In this article from 1977, children’s writer and poet Jean Conder Soule explores the question, “How will I know when I’ve written a poem?”
Writer and WD editor Moriah Richard shares her top advice to help you fight world-building overwhelm and organize your story.
Author Jennifer J. Chow shares her expertise on what makes a great cozy mystery novel engaging and thrilling.
In this 1999 article, top science fiction writer Octavia E. Butler shares her secrets for overcoming the dreaded writer’s block and producing stellar work.
In this article, author Jonelle Patrick shares her expertise on how to create settings that will bring your reader in and make your characters shine.
In this article, award-winning author Nancy Stohlman breaks down the difference between flash fiction, prose poetry, and short stories and explains what keeps readers on the hook.
In this article, author and writing coach Nina Amir lays out her top tips to master your mindset and complete a 30-day writing challenge.
Award-winning crime author Stephanie Kane explains how she builds characters unlike herself and navigates their worlds to create vivid and realistic stories.
Evoking emotion on the page begins with the man or woman at the keyboard. Dustin Grinnell serves up seven straightforward tactics for writing tear-jerking stories that make your readers empathize with your characters.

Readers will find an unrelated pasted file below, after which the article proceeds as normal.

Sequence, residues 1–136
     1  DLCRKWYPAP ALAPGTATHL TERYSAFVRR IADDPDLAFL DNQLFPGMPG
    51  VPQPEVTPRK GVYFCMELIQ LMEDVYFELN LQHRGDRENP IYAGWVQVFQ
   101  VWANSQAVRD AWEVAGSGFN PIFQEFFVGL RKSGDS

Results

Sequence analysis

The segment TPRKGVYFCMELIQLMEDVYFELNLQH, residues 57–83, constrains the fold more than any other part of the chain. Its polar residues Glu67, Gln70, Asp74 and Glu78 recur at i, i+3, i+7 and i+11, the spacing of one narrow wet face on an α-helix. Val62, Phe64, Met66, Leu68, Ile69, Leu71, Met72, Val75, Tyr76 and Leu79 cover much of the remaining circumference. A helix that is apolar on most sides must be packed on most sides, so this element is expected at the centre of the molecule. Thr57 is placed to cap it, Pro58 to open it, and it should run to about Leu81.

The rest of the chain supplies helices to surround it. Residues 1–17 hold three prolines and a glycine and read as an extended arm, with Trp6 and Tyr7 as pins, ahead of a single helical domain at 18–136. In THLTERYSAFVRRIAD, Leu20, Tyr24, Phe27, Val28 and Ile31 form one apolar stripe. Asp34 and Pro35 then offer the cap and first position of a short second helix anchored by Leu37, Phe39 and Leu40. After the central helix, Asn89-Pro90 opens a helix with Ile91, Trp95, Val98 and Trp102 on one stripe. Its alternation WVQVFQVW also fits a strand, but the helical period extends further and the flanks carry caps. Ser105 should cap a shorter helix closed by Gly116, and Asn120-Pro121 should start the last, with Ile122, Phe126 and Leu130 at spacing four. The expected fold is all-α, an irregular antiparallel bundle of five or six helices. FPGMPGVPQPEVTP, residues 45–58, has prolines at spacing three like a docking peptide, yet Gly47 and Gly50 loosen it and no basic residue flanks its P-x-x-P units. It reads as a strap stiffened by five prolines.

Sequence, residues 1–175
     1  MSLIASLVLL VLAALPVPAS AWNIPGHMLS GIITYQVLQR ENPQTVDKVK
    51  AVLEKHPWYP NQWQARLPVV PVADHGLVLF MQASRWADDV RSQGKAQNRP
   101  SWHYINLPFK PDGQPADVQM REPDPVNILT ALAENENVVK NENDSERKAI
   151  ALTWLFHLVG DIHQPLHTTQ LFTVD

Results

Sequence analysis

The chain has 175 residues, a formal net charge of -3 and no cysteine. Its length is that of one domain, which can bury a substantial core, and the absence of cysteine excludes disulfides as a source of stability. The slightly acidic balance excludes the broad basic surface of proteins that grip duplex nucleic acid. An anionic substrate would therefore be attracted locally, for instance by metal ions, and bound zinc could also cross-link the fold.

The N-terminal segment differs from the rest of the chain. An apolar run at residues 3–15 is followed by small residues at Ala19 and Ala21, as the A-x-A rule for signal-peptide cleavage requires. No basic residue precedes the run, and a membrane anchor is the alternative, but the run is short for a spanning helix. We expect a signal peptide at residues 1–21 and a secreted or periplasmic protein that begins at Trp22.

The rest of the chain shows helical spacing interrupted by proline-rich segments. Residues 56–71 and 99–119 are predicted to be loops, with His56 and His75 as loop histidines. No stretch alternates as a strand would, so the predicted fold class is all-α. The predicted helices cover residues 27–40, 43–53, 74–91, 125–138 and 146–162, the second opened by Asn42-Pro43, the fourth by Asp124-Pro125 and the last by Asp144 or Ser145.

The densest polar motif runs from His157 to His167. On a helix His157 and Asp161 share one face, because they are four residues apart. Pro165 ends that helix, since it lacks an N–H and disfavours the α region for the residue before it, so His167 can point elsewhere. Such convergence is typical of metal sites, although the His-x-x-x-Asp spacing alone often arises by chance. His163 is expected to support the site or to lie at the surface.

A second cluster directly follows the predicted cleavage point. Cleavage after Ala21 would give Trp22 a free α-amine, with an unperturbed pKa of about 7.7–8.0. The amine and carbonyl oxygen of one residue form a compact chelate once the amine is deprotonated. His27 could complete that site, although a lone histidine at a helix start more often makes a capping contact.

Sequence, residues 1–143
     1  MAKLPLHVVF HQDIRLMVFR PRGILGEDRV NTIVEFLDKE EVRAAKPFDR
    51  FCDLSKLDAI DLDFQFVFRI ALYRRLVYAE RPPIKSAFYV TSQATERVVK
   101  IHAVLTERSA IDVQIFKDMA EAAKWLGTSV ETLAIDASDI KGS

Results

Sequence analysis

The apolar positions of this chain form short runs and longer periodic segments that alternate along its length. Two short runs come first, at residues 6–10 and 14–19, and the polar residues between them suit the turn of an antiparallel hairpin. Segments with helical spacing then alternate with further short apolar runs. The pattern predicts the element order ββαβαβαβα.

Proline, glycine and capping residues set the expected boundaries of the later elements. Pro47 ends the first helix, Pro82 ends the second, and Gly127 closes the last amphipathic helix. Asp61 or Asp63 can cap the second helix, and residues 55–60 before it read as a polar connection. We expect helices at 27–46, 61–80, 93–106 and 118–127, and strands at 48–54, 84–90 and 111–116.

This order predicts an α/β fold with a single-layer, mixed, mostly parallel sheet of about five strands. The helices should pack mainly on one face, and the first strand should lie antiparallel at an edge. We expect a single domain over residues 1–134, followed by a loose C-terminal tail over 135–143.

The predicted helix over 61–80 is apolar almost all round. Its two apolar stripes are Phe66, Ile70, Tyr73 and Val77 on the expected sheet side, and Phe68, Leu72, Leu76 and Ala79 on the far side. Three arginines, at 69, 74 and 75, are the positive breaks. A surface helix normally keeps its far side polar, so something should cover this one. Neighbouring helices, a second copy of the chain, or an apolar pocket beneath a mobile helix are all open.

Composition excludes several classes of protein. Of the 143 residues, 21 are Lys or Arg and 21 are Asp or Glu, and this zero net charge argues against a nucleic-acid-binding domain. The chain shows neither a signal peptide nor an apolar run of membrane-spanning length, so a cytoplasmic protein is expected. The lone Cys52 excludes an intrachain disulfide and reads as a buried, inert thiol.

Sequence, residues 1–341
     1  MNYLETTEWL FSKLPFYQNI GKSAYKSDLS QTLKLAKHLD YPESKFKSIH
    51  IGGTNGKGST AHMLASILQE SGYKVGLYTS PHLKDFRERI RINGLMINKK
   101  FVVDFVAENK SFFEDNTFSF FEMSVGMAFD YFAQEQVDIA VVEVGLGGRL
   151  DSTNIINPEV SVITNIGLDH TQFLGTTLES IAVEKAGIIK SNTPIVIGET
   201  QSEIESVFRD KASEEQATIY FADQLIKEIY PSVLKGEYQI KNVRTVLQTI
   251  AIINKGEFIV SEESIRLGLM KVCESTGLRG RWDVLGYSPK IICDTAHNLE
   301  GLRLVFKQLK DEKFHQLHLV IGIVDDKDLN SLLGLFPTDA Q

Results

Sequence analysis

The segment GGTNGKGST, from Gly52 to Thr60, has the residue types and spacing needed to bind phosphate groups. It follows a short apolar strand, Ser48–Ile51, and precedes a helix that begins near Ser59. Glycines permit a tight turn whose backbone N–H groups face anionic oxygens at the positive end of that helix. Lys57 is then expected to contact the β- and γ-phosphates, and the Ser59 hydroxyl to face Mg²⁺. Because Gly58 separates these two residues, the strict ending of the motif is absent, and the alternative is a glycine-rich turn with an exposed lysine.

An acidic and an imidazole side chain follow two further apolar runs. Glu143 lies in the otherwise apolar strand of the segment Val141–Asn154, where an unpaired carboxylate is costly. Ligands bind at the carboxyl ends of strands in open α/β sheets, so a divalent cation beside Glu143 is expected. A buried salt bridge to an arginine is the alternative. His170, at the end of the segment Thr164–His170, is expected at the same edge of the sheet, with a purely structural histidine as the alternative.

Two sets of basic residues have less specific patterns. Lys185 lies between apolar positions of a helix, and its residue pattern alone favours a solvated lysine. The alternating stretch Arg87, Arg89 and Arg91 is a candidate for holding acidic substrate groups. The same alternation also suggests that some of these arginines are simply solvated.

WD editor and fantasy writer Moriah Richard shares five unique ways in which writers can use World of Warcraft to better build their worlds—without playing the game.
Award-winning author Jill G. Hall shares her top tips for how to dive into your latest project head-first.
Romance author Michelle Major explains her three go-to tips for ensuring your characters have believable chemistry.
Using examples from William Peter Blatty's iconic horror novel The Exorcist, Dustin Grinnell explains how to craft truly frightening horror fiction by blending the believable and the unsettlingly extraordinary.
In this excerpt from his book Writing in the Dark, author Tim Waggoner discusses the three types of pain all horror writers should consider inflicting upon their characters.
Dustin Grinnell explains how to—and how not to—write more scientific fiction by analyzing Carl Sagan's “Contact” and the ways it incorporates believable elements that are understandable to laypeople.